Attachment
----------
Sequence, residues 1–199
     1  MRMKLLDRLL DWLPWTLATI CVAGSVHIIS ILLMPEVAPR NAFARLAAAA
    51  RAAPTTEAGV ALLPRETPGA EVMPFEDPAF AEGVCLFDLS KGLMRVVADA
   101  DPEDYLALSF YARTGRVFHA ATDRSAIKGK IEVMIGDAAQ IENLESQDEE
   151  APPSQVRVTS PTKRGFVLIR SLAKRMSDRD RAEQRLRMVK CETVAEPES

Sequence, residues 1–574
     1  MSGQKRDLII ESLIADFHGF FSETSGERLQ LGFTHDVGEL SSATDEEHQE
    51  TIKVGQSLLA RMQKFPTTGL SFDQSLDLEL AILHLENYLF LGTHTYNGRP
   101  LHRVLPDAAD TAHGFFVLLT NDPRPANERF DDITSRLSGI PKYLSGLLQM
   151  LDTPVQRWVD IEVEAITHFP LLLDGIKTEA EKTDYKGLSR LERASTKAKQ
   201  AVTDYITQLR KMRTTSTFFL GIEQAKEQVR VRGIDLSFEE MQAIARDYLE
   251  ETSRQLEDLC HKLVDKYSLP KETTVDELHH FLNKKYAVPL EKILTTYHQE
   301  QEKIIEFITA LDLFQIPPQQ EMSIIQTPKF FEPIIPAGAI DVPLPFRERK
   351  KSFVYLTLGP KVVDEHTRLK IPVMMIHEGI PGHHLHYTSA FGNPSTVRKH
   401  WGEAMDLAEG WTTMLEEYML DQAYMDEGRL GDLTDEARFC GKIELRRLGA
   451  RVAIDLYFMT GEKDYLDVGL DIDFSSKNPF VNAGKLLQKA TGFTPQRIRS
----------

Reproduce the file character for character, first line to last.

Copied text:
Sequence, residues 1–199
     1  MRMKLLDRLL DWLPWTLATI CVAGSVHIIS ILLMPEVAPR NAFARLAAAA
    51  RAAPTTEAGV ALLPRETPGA EVMPFEDPAF AEGVCLFDLS KGLMRVVADA
   101  DPEDYLALSF YARTGRVFHA ATDRSAIKGK IEVMIGDAAQ IENLESQDEE
   151  APPSQVRVTS PTKRGFVLIR SLAKRMSDRD RAEQRLRMVK CETVAEPES

Sequence, residues 1–574
     1  MSGQKRDLII ESLIADFHGF FSETSGERLQ LGFTHDVGEL SSATDEEHQE
    51  TIKVGQSLLA RMQKFPTTGL SFDQSLDLEL AILHLENYLF LGTHTYNGRP
   101  LHRVLPDAAD TAHGFFVLLT NDPRPANERF DDITSRLSGI PKYLSGLLQM
   151  LDTPVQRWVD IEVEAITHFP LLLDGIKTEA EKTDYKGLSR LERASTKAKQ
   201  AVTDYITQLR KMRTTSTFFL GIEQAKEQVR VRGIDLSFEE MQAIARDYLE
   251  ETSRQLEDLC HKLVDKYSLP KETTVDELHH FLNKKYAVPL EKILTTYHQE
   301  QEKIIEFITA LDLFQIPPQQ EMSIIQTPKF FEPIIPAGAI DVPLPFRERK
   351  KSFVYLTLGP KVVDEHTRLK IPVMMIHEGI PGHHLHYTSA FGNPSTVRKH
   401  WGEAMDLAEG WTTMLEEYML DQAYMDEGRL GDLTDEARFC GKIELRRLGA
   451  RVAIDLYFMT GEKDYLDVGL DIDFSSKNPF VNAGKLLQKA TGFTPQRIRS